The idea is to have the Tunisian youth act as delegates in a model of the Parliament, as is the case with the European Youth Parliament and other parliamentary youth representations. I had the chance to participate in the event after I got accepted among sixty young Tunisians. This article is my personal evaluation of the event as a whole, beyond the outward show of harmony.
From July 25th onwards, socio-political forces have been seeking to transform Tunisia from a post-revolutionary to a “re-revolutionary” country. Complications have risen as “terrorist operations” seem to multiply, not by coincidence. It would be presumptuous to force a final analysis on the situation, since a lot of details remain mysterious; however, let us try to look at the “story” from different angles and perspectives.
A post-revolutionary context is supposed to be one of “pluralism” where different political, intellectual, and social tendencies co-exist and compete at the same time. However, in Tunisia, we seem to confuse “pluralism” with “bipolarism”.
More than two years after the “revolution”, this very elite is still lagging behind; complaining about the absence of an “intellectual revolution” while no revolution whatsoever has yet occurred in our intellectuals’ minds.
A would-be political alliance between the Popular Front and the Union for Tunisia is looming ahead, emblematized in a significantly-symbolic “encounter” between representatives of each party. The Popular Front, uniting the elusive Left, and the Union for Tunisia, monopolized by a dubious party whose conservative tendencies are economically obvious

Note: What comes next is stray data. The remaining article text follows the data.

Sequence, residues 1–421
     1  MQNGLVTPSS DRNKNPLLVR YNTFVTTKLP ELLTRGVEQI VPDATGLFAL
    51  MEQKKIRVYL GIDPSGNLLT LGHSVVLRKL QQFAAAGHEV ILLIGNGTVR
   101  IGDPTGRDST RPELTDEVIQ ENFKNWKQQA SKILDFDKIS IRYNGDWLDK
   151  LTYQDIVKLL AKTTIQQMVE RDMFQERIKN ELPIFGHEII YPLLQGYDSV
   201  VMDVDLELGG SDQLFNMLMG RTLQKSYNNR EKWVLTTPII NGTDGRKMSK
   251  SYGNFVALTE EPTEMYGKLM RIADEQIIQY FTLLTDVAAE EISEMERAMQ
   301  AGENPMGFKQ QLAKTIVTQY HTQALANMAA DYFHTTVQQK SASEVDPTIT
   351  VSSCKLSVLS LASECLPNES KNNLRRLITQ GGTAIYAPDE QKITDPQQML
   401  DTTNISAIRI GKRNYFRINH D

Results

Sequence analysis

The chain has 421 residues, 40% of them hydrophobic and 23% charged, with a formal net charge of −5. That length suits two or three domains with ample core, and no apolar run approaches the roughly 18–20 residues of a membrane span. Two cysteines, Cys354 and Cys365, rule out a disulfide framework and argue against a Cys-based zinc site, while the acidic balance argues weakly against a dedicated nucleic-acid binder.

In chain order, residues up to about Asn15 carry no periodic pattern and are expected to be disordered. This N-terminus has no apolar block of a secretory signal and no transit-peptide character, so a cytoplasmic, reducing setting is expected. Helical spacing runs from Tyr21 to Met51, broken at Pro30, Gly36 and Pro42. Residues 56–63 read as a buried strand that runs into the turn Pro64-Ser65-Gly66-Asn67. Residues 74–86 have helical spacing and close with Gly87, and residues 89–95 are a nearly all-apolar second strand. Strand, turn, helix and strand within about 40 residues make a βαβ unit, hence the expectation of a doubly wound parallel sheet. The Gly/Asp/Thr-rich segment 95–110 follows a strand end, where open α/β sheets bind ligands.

Weld El 15, the young rapper, was sentenced to two years of prison for singing “policemen are dogs” (البوليسية كلاب) and convicted for public indecency and cop contempt. Is it that I do not understand the law? Or is it that these laws defy those of logic?
Back in the days of “Big Brother” and the “Thought Police”, the Tunisian people could not discern what was precisely wrong with politics, society, and economy. All the political, social, and economic ills were subsumed under one major ill: that of “oppression”. Now that Oppression, emblematized in Ben Ali’s figure, is toppled, the once unnoticeable problems are surfacing.
Ansar Al-Sharia Congress: When Political Immaturity Confronts Governmental Clumsiness. The government refused to allow Ansar Al-Sharia to hold their third Congress and Kairouan has become a pseudo-military base ever since.
Two years after the Tunisian Revolution, political parties in Tunisia are still living in political prehistory. It is true that the revolution took our rusty politicians by surprise. They were either in jail, or abroad, or in some fancy Tunisian suburb leading a status quo existence.
Our activists have somehow committed “Feminist plagiarism”, borrowing a foreign concept heedless of its source and unfaithful of its uses, without revision or modification. In this de-volutionary process, our Feminists transfigured revolutionary thought into “mammary thought” and transformed social justice marches into “bourgeois catwalks”.
In our Tunisian post-revolution context, it has become quite the trend to display signs –or symptoms- of being “revolutionary”. The word has grown into an umbrella epithet for those who are “fashionable”, “educated” and “sophisticated”. It has become synonymous with “taste”, “culture”, and the elusive notion of Leftism that has developed in a generally politically-illiterate country; the all-at-once neoliberal-communist-socialist-nationalist-anarchist ideologically elusive Leftism.
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